In the estimation of his friends, he won, on this bloody field, promotion to a higher grade; but this honour was delayed to make his merits more conspicuous. At the battle of Chancellorsville, as senior Brigadier, he commanded D. H. Hill's division, and it was his gallant charge, with his clarion shout, “Forward men-over friend or foe!” that broke the enemy's line. It was the most glorious incident of his military life. With one division he drove before him the whole right wing of Hooker for three hours. He had fought under the eye of Jackson and won the last and characteristic applause of the great commander on the field of battle. “Gen. Rodes,” he said, "your commission as MajorGeneral shall date from the 2d May.” The promise of Gen. Jackson was studiously fulfilled by the government immediately after his death, and Gen. Rodes was promoted and placed in permanent command of the division he had so bravely led at Chancellorsville. He continued to lead it with consummate gallantry and skill until the disastrous batte of Winchester, in the autumn of 1864, when he fell at its head in the execution of an attack against the enemy which promised to decide the day. He was struck in the head by a ball, and died in half an hour after reaching the hospital.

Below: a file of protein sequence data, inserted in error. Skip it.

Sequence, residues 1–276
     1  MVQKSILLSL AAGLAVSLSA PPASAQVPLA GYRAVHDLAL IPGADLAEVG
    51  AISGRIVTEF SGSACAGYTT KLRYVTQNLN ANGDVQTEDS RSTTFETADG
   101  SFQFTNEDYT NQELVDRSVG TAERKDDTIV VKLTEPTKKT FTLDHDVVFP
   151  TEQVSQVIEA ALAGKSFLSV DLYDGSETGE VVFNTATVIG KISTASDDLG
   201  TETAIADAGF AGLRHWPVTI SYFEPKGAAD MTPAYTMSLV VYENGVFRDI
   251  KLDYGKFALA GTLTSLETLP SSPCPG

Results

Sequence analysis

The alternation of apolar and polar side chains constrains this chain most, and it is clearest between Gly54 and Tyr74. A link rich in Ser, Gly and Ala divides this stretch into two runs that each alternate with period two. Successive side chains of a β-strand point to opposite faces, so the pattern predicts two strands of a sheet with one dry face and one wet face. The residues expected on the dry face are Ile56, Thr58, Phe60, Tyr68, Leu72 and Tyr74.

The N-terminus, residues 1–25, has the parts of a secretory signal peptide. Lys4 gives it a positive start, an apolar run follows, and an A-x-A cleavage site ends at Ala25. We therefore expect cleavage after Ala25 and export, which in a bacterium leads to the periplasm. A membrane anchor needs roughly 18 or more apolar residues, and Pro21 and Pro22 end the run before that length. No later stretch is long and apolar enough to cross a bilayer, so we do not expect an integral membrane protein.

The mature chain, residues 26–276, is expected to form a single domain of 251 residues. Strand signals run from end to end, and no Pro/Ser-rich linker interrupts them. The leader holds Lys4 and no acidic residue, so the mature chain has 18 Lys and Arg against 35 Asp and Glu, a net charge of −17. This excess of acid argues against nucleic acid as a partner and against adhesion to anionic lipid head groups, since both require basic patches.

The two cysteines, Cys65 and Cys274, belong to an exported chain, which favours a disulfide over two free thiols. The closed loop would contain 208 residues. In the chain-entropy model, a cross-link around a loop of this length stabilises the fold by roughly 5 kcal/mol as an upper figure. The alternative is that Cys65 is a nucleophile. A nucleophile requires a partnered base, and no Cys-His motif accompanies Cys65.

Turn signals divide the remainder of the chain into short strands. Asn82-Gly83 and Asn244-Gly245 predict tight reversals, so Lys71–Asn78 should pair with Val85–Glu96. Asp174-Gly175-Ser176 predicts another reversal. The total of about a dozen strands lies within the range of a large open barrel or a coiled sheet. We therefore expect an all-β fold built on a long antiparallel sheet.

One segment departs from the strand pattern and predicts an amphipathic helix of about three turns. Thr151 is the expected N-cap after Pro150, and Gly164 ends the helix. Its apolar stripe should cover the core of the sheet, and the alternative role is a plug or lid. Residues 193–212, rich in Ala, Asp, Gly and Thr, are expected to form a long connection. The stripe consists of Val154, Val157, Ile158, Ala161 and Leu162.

Young, earnest, vigilant, intrepid, sagacious, Gen. Rodes was one of the most brilliant and valuable division commanders in the Army of Northern Virginia. His loss was keenly felt; a bright career of usefulness and distinction was before him; yet he had already accomplished a name to be remembered, and he sleeps with honour in the soldier's grave, reposing in the bosom of his own Virginia. Truly, proudly and tenderly has Gen. Francis H. Smith, the revered scholar and honoured superintendent of the Virginia Military Institute, written over the graves of the two men whom this school claims as her ornaments : “ Jackson and Rodes, associate professors in the same institution, associate officers in the same army, each finds a resting place on the banks of our noble James, and Lexington and Lynchburg will henceforth be the Meccas of the patriot soldier in his pilgrimage of honour to the sleeping heroes of our Revolution !"